Book Reviews -- By: Matthew S. DeMoss

Journal: Bibliotheca Sacra
Volume: BSAC 175:699 (Jul 2018)
Article: Book Reviews
Author: Matthew S. DeMoss


Book Reviews

By The Faculty And Staff Of Dallas Theological Seminary

Matthew S. DeMoss

Editor

Christian Dogmatics: Reformed Theology for the Church Catholic. Edited by Michael Allen and Scott R. Swain. Grand Rapids: Baker Academic, 2016. 408 pp. $36.99.

Allen is associate professor of Systematic and Historical Theology and Swain is associate professor of Systematic Theology and academic dean at Reformed Theological Seminary. This collection of essays deals with “most of the major topics (loci) of dogmatics” and is written by “accomplished theologians from across the world” (1). As a result, it does not “constitute a unified school of thought on various methodological and theological matters” (1–2). Some readers will find this inconsistency frustrating.

The editors argue that theology, a gift of grace, has both retrieval and renewal foci. They intend these essays to “chart a catholic and Reformed path forward, then, by pointing backward” (5). Their hope is “that readers will find its chapters a reliable guide to the mysteries of the faith attested by the prophets and apostles and a prompt in the ongoing journey of theological reason between the darkness of Egypt and the light of Canaan. By listening to the witness of pilgrims before us and by attending to the broader terrain in which we roam, we hope that the task of journeying well—that is, faithfully—will be aided and encouraged” (6).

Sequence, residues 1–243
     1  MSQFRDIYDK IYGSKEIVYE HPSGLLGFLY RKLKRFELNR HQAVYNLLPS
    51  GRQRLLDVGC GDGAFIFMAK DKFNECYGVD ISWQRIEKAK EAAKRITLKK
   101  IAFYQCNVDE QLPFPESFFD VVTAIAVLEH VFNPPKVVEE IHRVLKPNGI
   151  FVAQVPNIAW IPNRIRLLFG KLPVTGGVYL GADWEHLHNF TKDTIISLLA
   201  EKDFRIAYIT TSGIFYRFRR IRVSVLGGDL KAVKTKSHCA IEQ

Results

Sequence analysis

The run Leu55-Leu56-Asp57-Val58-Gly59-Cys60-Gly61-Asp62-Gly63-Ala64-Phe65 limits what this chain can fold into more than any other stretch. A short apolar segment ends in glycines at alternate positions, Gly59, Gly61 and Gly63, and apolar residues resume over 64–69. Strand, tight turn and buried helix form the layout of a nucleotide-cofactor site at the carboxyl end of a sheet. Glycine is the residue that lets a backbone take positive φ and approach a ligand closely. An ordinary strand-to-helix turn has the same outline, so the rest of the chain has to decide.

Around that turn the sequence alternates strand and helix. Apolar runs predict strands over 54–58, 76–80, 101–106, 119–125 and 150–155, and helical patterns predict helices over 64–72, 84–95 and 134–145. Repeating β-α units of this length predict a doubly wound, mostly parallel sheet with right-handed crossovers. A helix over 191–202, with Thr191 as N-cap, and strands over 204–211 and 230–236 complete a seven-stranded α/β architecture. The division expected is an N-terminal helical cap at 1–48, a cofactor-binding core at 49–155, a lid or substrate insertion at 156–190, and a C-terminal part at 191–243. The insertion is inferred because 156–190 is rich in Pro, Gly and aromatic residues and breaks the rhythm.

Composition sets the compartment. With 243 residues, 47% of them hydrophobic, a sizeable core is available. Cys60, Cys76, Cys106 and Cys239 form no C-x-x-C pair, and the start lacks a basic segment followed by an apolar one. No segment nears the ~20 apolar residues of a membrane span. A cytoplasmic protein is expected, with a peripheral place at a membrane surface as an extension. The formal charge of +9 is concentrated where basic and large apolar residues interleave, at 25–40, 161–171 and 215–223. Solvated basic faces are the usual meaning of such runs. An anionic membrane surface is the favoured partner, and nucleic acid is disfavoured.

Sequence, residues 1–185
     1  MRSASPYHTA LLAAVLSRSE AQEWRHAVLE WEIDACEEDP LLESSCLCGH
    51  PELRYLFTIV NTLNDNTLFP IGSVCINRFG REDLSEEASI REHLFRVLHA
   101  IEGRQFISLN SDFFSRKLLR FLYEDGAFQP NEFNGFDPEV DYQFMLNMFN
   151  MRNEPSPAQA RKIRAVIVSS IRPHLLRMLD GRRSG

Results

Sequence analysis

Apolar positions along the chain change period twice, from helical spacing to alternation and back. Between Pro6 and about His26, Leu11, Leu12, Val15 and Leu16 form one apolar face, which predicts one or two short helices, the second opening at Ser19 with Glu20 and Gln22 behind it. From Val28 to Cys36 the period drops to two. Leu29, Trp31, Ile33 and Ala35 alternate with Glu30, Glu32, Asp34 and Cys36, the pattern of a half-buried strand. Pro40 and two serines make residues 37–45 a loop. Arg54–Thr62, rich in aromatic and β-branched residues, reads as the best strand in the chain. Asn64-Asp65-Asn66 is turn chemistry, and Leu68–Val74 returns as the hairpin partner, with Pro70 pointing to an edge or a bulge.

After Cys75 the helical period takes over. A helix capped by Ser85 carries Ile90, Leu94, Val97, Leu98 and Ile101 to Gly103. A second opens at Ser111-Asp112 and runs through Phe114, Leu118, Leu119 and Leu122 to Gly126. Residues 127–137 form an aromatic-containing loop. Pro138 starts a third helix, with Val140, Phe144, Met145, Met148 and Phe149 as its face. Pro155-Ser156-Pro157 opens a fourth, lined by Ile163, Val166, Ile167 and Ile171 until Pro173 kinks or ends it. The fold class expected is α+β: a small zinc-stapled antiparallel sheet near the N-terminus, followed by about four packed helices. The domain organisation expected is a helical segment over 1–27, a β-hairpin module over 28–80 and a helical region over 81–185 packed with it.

The book is divided into sixteen chapters written by twelve different authors. In “The Knowledge of God,” Michael Allen defends a theological method with a pivotal role for the Christian tradition. He explains, “The role of creeds and confessions helps to shape the very title of this volume: Christian Dogmatics rather than merely Christian Theology or Systematic Theology. Dogmatics involves a churchly engagement of doctrine within the lived reality of the communion of the saints and attention to her ecclesiastical guidance in the form of her creeds and confessions” (28; he cites 2 Timothy 1:13 in support). Kevin J. Vanhoozer, in “Holy Scripture,” defends the inspiration, infallibility, and authority of Scripture. In “Divine Attributes,” Michael Allen focuses on the names of God in Exodus: “First, God names himself: ‘I AM WHO I AM’ (Exod. 3:14)” (69) and “ ‘the Lord, the God of your fathers, the God of Abraham, of Isaac, and the God of Jacob’ (Exod. 3:15)” (73). The lack of discussion of God’s own self-description in ...

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